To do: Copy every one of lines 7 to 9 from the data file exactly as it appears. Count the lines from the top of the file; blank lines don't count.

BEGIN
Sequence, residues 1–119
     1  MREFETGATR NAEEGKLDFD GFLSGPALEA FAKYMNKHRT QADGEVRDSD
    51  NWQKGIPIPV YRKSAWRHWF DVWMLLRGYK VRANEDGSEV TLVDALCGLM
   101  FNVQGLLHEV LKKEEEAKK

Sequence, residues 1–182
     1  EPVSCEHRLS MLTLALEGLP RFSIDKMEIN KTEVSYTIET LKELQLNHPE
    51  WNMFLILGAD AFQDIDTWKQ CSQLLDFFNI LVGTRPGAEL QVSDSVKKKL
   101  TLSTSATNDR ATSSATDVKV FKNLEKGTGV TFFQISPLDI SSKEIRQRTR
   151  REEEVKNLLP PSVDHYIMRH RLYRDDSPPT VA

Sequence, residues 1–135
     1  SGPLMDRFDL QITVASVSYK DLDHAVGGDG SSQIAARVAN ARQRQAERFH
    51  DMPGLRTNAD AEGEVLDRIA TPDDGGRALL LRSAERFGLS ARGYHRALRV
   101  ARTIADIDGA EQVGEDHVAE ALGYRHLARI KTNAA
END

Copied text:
    51  WNMFLILGAD AFQDIDTWKQ CSQLLDFFNI LVGTRPGAEL QVSDSVKKKL
   101  TLSTSATNDR ATSSATDVKV FKNLEKGTGV TFFQISPLDI SSKEIRQRTR
   151  REEEVKNLLP PSVDHYIMRH RLYRDDSPPT VA